The ACCC has instituted proceedings in the Federal Court against NIB Health Funds Limited (NIB), alleging it contravened the Australian Consumer Law by engaging in misleading or deceptive conduct, unconscionable conduct and making false or misleading representations.
The ACCC alleges that NIB failed to notify members in advance of its decision to remove certain eye procedures from its “MediGap Scheme” (MediGap Change) in 2015.
Under the MediGap Scheme, members had previously been able to obtain these eye procedures without facing out-of-pocket costs when doctors participated in the scheme.
The ACCC alleges that between June 2011 and October 2016, NIB represented to members that several of its policies covered eye procedures and members would not pay any out-of-pocket expenses, when in fact members could incur out-of-pocket costs. The ACCC also alleges that NIB made this representation by paying gap amounts on behalf of members for these eye procedures prior to August 2015.
In addition, the ACCC alleges that NIB represented to members that it would give members prior notice of any changes that detrimentally affected their entitlement to benefits under the policies.
The ACCC also alleges that NIB’s failure to provide direct advance notice to its members of the MediGap Change was unconscionable in all the circumstances, including where:
- NIB had identified over 400 members who had received two or more eye procedures in the previous financial year, in circumstances where NIB’s management considered that it ‘probably ought to proactively communicate’ with these members about the MediGap Change;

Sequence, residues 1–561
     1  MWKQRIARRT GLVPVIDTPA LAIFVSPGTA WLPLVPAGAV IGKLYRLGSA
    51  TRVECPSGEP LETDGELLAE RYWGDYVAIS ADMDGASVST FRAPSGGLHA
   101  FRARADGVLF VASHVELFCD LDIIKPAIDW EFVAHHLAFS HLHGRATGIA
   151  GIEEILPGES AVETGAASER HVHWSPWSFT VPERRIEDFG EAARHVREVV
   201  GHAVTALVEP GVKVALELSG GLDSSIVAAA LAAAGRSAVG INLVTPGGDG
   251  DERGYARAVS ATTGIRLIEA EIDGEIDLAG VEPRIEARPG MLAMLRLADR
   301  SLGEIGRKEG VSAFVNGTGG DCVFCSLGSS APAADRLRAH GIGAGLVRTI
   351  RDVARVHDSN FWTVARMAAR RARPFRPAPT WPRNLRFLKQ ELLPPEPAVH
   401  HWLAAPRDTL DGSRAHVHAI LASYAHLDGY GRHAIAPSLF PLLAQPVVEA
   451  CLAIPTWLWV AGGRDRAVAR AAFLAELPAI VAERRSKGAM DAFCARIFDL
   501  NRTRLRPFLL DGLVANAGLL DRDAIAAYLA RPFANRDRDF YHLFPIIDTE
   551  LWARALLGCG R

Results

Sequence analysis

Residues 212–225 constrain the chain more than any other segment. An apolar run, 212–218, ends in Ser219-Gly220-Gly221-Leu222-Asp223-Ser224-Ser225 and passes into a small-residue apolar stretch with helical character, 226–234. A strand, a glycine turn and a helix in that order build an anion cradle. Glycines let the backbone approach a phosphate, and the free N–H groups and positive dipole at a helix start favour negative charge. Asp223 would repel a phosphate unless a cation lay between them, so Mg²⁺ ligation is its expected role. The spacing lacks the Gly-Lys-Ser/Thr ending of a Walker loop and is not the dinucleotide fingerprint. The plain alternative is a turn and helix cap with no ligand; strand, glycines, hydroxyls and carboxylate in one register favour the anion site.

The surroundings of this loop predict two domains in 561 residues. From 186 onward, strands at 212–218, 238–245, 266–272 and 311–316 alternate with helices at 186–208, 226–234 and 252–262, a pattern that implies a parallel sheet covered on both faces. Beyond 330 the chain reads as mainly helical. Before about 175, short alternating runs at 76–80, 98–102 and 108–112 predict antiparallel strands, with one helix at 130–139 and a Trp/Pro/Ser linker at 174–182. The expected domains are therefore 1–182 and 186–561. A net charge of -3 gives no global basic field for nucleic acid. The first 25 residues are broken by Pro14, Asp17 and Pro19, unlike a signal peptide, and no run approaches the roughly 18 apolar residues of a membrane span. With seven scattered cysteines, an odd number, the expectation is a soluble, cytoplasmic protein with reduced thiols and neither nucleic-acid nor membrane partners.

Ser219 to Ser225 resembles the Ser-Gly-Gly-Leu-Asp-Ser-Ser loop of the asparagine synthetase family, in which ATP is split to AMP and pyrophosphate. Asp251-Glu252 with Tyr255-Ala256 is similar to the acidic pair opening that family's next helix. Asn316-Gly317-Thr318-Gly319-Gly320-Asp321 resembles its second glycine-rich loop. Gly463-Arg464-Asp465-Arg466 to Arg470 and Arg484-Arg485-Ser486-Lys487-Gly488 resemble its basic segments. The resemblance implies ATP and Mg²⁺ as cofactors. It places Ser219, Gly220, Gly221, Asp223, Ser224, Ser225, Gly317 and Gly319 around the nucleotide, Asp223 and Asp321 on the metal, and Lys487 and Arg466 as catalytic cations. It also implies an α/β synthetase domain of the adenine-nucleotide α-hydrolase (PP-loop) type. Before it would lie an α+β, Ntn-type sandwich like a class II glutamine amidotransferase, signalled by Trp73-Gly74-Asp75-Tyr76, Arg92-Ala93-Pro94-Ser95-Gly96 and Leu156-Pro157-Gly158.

- after a doctor employed by, or associated with, Newcastle Eye Hospital sent a letter to his patients who were NIB members informing them of the MediGap Change and their right to move to another insurer, NIB contacted the hospital to request a commitment that its medical practitioners not communicate with NIB members or the media about the MediGap Change.
“Consumers have a right to be informed of important changes to their insurance cover in advance, as these changes can result in very large financial consequences at a time when consumers are at their most vulnerable,” ACCC Chairman Rod Sims said.
“Private health insurers must ensure their disclosure practices are in line with the Australian Consumer Law. Insurers should not expect consumers to bear the responsibility of making independent enquiries to find out about important changes made unilaterally by insurers.”
The representations are alleged to have been made by NIB in relation to the following 10 policies: “Basic Plus”, “Family Basic Saver”, “Family Plus”, “Hospital Plus”, “Just Hospital”, “Mid Plus”, “Premier Plus”, “Top Cover”, “Young at Heart Mid” and “Young at Heart Top.”
The ACCC is seeking declarations, pecuniary penalties, injunctions, findings of fact, compliance program orders, corrective notices and costs.
Since at least 2000, NIB has operated a “MediGap Scheme”. The MediGap Scheme had two main characteristics: doctors who chose to participate in the MediGap Scheme would receive an additional payment from NIB to cover their fee, and consumers did not incur any out-of-pocket expenses for that service.
From 17 August 2015, NIB removed the eye procedures from the MediGap Scheme (along with some other services).
Patients who receive these eye procedures are often elderly and require the procedures regularly to prevent further loss of eyesight.
Consumer issues in private health insurance are a current enforcement and compliance priority for the ACCC.
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